Geological Evaluation of the MSRAD Field Site by a Human Field Party: Implications for Rover-Based Exploration Operations and for the Future Human Exploration of Mars

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Planetary and Space Science



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This paper reports on a one day field validation exercise that took place in the context of the 2016 Canadian Space Agency-led Mars Sample Return Analogue Deployment. Here, a “human” field team using traditional geological methods was given the same objective as the rover-based remote science operations team: to select the sample within the site with highest total organic carbon content as a proxy for signs of life. While the exercise, by design, was limited in operations time, a comprehensive data set was assembled related to decision-making, comprising detailed daily reports and logs produced by the remote science operations team, and a continuous voice recording and GPS track for the field team. Summaries of these data are tabulated in this report. These data enabled a direct comparison of the data developed by each team, and the decisions they took, leading to an assessment of both accuracy (effectiveness of task completion) and efficiency (time for task completion). This paper reports: (1) the surprising speed (15 min) at which the field team established basic stratigraphic relationships, (2) the relative effectiveness with which the field team identified and visually tracked indistinct bedding features, and (3) challenges related to assessing scientific success in a geological field setting, highlighted by differences in the stratigraphic sections produced by the two teams, and the detection of a ‘marker’ bed by the field team and not by the remote science team. As primary conclusions, we note that (1) this exercise has demonstrated higher efficiency a factor of around 50 times for a human team compared to a remotely operated rover - for scientific discovery tasks conducted across a relatively simple, gently undulating, 200 m × 200 m terrain, and (2) the results broadly support the concept of walkabout as an effective strategy for robotic planetary exploration (Yingst et al., 2018, and references therein) with a specific finding related to mapping stratigraphic relationships. We also discuss the value and shortcomings of this validation approach and provide lessons learned and recommendations for the design of future analogue mission exercises.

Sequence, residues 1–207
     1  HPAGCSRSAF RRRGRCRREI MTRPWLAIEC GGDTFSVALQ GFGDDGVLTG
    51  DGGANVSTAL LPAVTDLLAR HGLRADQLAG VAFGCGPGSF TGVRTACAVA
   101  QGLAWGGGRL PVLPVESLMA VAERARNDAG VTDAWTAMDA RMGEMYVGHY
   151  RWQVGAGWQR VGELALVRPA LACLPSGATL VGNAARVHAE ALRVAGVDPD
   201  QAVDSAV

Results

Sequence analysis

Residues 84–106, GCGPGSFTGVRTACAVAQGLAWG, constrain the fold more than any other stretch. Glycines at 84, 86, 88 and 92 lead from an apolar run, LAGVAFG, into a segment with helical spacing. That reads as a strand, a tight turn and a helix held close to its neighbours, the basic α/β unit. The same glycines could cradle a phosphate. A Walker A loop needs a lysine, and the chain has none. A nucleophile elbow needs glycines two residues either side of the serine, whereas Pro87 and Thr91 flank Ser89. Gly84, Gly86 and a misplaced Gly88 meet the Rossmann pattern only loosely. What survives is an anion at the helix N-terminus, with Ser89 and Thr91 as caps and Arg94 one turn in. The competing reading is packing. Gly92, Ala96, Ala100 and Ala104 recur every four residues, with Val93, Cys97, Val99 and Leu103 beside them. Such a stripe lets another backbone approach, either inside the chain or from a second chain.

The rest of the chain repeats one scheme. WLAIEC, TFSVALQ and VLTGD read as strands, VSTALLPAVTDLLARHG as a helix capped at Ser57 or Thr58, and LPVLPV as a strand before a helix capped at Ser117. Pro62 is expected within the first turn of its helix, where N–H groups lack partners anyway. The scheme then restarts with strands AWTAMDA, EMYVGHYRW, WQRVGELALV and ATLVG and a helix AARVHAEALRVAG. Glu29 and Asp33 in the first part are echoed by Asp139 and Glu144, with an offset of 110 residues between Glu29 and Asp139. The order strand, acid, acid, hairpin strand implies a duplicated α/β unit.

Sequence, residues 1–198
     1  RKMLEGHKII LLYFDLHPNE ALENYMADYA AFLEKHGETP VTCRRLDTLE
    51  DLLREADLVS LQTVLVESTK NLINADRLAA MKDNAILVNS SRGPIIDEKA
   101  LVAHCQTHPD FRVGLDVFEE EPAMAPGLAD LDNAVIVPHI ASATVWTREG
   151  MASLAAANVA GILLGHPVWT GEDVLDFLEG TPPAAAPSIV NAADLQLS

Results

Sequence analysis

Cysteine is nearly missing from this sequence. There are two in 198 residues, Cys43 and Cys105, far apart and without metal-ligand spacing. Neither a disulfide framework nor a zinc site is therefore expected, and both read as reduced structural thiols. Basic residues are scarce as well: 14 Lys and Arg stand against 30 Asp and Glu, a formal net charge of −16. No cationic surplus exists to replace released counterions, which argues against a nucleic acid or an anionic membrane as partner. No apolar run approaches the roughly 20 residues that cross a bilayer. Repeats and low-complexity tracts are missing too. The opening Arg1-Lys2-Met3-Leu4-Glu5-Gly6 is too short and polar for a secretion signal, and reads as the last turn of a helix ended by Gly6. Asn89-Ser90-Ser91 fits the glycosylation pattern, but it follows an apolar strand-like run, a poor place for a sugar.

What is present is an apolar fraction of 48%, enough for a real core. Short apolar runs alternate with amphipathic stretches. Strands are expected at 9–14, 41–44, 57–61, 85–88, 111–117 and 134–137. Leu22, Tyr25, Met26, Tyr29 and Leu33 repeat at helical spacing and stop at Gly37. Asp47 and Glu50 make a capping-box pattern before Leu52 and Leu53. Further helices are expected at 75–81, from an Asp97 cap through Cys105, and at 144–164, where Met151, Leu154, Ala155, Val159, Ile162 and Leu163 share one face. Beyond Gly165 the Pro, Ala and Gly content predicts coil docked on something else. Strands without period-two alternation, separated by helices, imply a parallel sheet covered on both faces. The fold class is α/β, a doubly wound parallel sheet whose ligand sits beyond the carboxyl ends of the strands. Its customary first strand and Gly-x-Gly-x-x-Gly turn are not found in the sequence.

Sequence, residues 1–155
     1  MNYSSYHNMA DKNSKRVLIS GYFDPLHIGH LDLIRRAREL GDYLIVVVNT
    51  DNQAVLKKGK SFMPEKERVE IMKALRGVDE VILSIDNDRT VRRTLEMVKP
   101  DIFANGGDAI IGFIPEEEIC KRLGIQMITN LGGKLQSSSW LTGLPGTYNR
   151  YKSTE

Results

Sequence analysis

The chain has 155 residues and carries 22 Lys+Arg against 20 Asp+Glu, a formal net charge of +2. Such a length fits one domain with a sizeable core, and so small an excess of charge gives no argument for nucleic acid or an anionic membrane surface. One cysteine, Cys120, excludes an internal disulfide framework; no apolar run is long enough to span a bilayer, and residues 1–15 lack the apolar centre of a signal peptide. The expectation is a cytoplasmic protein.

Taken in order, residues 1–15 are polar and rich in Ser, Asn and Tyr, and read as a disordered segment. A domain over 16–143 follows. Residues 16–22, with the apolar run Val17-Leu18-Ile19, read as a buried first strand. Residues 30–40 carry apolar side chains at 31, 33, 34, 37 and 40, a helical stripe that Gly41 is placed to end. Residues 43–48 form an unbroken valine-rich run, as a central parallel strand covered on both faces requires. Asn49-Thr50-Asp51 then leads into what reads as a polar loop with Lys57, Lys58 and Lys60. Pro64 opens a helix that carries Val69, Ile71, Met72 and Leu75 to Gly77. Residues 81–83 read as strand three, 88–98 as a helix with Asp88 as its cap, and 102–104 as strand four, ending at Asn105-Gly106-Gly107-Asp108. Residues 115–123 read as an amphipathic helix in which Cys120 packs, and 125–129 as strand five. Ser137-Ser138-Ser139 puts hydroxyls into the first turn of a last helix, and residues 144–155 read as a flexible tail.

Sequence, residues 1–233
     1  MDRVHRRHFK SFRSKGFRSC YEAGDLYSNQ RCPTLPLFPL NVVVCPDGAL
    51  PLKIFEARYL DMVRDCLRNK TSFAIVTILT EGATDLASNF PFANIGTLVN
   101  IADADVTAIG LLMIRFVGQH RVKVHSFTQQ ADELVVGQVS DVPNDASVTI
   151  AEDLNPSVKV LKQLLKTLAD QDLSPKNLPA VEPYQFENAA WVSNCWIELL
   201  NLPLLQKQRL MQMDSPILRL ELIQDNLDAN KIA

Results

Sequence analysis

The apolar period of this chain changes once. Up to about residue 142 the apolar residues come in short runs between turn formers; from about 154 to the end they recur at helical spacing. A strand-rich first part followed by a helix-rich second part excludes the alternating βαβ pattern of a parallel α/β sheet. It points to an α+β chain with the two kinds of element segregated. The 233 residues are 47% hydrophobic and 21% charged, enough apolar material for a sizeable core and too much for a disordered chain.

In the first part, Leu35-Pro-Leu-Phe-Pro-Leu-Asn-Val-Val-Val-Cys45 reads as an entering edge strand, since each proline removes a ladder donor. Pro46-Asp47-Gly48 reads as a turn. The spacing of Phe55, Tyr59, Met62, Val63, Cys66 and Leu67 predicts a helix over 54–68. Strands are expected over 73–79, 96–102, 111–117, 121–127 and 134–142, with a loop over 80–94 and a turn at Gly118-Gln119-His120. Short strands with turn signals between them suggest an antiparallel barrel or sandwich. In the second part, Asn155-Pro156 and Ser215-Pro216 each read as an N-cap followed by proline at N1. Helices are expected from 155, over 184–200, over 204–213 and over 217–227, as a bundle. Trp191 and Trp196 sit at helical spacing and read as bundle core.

Aerospace Engineering | Geology | Space Vehicles



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